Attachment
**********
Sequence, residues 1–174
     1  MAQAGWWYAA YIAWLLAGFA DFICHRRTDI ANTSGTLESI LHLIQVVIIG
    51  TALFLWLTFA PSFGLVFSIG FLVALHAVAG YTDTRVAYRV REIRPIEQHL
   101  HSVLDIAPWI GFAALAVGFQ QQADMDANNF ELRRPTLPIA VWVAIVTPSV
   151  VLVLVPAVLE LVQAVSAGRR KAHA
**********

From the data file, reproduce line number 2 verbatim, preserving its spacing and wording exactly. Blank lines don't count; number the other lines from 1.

     1  MAQAGWWYAA YIAWLLAGFA DFICHRRTDI ANTSGTLESI LHLIQVVIIG